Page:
disc — this is the type of DVD that movies are distributed on."

That's been the sticking point in the past. The CODEC, to be legal,
is typically licensed from a patent pool, and since that costs money,
companies like Microsoft don't like to bundle what's needed.

But before running out and buying WinDVD or PowerDVD, it's a good
idea to check "behind the sofa cushions". People would be
surprised, how many bundled copies of DVD movie players,
are included with the computers they bought, or the
retail boxed optical drive they bought, or the retail
motherboard they bought. I have at least two CDs, one in a
motherboard box, another in a Samsung optical drive box, that
I can use if I need a movie player.

More examples here.

http://en.wikipedia.org/wiki/WinDVD
http://en.wikipedia.org/wiki/PowerDVD
http://en.wikipedia.org/wiki/Media_player_comparison

In the FOSS world, software derived from FFMPEG and libavcodec,
has made playing movies possible. Which is why you don't have
to pay money for this. But if you wanted a fancy looking piece of
software, the commercial versions can be had for next to nothing,
if they're bundled with another product. That's how I got my two
copies.

There is a fair amount of variation, in how much CPU those
kinds of programs take. If the computer is really underpowered
(below 1.5GHz perhaps), then you have to be more careful when
picking software. Just any old piece of crap won't do, when
your computer is that weak. Some video cards, have acceleration
for a few movie formats (hardware decoder), and sometimes, that
can make a difference. The free software, doesn't always have the
driver or software path, to access that (it's because the necessary
specs to access the hardware, may not be available without an NDA
being signed). And this is where you get the benefits from
commercial software - they may have more than one method
of playing the movies, baked into their code.

If the computer at work is a powerful one, then you'd be
less dependent on the software being well designed.

Paul
Are you not endorsing the best one or did you leave it out because it
was already mentioned?
http://www.videolan.org
 
P

Peter Jason

Yes, but note the carefully worded caveat...

"If you have a DVD drive and a *compatible DVD decoder* installed
on your computer, you can use Windows Media Player to play a DVD-Video
disc — this is the type of DVD that movies are distributed on."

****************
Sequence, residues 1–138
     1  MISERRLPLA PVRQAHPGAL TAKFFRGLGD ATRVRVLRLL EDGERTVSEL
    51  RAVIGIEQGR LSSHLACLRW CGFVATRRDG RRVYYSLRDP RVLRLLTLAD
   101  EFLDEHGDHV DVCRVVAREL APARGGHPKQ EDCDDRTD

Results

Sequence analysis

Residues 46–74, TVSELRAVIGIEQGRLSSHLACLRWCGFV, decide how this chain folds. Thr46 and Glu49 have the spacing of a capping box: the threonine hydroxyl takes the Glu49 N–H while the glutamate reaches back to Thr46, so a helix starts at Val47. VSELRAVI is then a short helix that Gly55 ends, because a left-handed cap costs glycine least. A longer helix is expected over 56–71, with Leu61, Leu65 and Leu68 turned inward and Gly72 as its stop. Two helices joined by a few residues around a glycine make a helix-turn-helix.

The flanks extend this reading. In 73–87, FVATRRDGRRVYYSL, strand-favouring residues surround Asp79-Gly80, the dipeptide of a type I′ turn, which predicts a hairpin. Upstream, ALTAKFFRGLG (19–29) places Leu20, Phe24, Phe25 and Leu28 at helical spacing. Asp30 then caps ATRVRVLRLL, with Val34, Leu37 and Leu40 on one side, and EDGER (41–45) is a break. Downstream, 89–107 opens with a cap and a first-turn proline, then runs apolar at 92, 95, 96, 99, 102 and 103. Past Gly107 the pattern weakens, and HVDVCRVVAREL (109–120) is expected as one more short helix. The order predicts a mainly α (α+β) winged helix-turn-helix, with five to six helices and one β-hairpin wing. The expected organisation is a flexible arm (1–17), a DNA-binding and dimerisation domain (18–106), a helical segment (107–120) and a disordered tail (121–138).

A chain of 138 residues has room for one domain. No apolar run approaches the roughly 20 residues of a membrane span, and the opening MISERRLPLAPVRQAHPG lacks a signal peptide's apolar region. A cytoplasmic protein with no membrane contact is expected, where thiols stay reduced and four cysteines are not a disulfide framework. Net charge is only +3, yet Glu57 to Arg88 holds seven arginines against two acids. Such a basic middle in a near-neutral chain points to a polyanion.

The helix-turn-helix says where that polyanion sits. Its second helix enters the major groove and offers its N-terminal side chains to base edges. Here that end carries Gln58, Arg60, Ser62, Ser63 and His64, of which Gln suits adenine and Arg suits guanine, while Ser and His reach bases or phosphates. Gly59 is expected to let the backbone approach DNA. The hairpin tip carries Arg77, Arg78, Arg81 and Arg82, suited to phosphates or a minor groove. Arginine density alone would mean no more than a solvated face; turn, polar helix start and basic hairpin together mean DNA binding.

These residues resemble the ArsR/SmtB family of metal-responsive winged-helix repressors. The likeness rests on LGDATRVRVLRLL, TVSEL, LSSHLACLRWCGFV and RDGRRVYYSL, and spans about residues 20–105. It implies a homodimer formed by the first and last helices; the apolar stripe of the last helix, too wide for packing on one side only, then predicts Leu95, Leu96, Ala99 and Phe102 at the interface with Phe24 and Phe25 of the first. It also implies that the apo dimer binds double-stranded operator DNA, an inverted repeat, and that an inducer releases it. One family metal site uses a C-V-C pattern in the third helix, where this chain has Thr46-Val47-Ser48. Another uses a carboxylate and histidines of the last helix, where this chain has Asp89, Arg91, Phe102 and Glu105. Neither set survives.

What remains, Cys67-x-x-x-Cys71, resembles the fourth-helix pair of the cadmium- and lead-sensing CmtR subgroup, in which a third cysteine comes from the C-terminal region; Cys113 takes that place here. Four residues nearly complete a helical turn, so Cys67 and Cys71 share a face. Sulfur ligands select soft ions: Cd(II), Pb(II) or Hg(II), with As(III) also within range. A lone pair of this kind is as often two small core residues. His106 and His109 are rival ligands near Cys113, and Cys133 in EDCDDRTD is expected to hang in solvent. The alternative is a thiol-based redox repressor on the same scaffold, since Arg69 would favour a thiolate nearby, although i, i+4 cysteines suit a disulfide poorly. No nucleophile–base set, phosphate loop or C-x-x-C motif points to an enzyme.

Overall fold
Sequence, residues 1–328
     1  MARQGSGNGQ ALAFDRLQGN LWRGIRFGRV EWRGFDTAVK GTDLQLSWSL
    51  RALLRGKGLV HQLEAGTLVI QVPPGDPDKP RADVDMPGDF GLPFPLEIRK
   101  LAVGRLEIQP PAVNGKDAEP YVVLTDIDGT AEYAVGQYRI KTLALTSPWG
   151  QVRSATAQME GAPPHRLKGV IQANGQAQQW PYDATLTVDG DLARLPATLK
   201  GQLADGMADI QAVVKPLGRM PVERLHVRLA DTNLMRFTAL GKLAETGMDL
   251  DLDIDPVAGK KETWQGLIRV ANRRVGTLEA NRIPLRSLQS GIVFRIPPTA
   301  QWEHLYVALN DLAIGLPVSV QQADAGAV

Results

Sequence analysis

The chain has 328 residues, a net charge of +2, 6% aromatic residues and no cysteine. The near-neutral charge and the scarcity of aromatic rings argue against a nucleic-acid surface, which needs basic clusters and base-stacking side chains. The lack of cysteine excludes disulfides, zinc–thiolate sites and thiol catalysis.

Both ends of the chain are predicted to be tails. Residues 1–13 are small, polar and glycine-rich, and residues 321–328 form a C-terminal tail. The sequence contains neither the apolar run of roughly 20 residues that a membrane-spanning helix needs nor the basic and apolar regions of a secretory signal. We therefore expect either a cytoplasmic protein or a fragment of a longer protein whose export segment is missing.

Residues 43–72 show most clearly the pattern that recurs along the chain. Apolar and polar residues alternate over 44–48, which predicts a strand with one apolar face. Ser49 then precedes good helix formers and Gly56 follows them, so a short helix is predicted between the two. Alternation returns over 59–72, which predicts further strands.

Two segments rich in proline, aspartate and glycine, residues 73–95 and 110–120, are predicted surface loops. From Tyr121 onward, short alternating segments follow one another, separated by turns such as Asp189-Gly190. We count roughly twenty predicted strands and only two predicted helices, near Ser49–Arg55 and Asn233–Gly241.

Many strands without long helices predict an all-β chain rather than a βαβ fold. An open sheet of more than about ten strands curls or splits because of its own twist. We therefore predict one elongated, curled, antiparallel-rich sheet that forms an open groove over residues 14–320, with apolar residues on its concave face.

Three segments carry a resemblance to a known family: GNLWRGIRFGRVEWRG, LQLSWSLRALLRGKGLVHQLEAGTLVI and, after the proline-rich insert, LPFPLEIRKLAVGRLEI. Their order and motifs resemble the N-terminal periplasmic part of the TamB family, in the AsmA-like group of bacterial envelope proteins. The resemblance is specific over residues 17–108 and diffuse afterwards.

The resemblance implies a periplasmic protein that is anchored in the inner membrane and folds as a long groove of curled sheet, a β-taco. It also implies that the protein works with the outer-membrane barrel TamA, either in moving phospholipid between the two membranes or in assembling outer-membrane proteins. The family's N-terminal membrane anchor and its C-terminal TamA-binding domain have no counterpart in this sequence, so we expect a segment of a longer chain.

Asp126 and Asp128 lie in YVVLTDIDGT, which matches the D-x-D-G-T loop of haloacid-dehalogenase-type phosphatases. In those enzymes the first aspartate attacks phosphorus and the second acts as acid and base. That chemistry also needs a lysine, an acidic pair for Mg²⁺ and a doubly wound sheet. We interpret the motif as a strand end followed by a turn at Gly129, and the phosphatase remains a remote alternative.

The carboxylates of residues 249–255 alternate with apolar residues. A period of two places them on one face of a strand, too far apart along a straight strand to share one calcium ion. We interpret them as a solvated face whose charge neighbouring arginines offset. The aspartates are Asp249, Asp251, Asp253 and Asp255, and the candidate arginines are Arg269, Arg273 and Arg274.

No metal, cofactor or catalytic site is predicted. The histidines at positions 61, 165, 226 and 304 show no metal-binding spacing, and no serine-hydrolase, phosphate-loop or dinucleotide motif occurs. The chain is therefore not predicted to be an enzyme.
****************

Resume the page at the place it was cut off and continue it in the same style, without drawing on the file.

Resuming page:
That's been the sticking point in the past. The CODEC, to be legal,
is typically licensed from a patent pool, and since that costs money,
companies like Microsoft don't like to bundle what's needed.

But before running out and buying WinDVD or PowerDVD, it's a good
idea to check "behind the sofa cushions". People would be
surprised, how many bundled copies of DVD movie players,
are included with the computers they bought, or the
retail boxed optical drive they bought, or the retail
motherboard they bought. I have at least two CDs, one in a
motherboard box, another in a Samsung optical drive box, that
I can use if I need a movie player.

More examples here.

http://en.wikipedia.org/wiki/WinDVD
http://en.wikipedia.org/wiki/PowerDVD
http://en.wikipedia.org/wiki/Media_player_comparison

In the FOSS world, software derived from FFMPEG and libavcodec,
has made playing movies possible. Which is why you don't have
to pay money for this. But if you wanted a fancy looking piece of
software, the commercial versions can be had for next to nothing,
if they're bundled with another product. That's how I got my two
copies.

There is a fair amount of variation, in how much CPU those
kinds of programs take. If the computer is really underpowered
(below 1.5GHz perhaps), then you have to be more careful when
picking software. Just any old piece of crap won't do, when
your computer is that weak. Some video cards, have acceleration
for a few movie formats (hardware decoder), and sometimes, that
can make a difference. The free software, doesn't always have the
driver or software path, to access that (it's because the necessary
specs to access the hardware, may not be available without an NDA
being signed). And this is where you get the benefits from
commercial software - they may have more than one method
of playing the movies, baked into their code.

If the computer at work is a powerful one, then you'd be
less dependent on the software being well designed.

Paul
I have got the "Media Center" to work with a DVD
but I have to do even more testing. I have Win7
SP1 with an Intel i7CPU and a videocard NVIDIA
GForceGTX480. This videocard has a small HDMI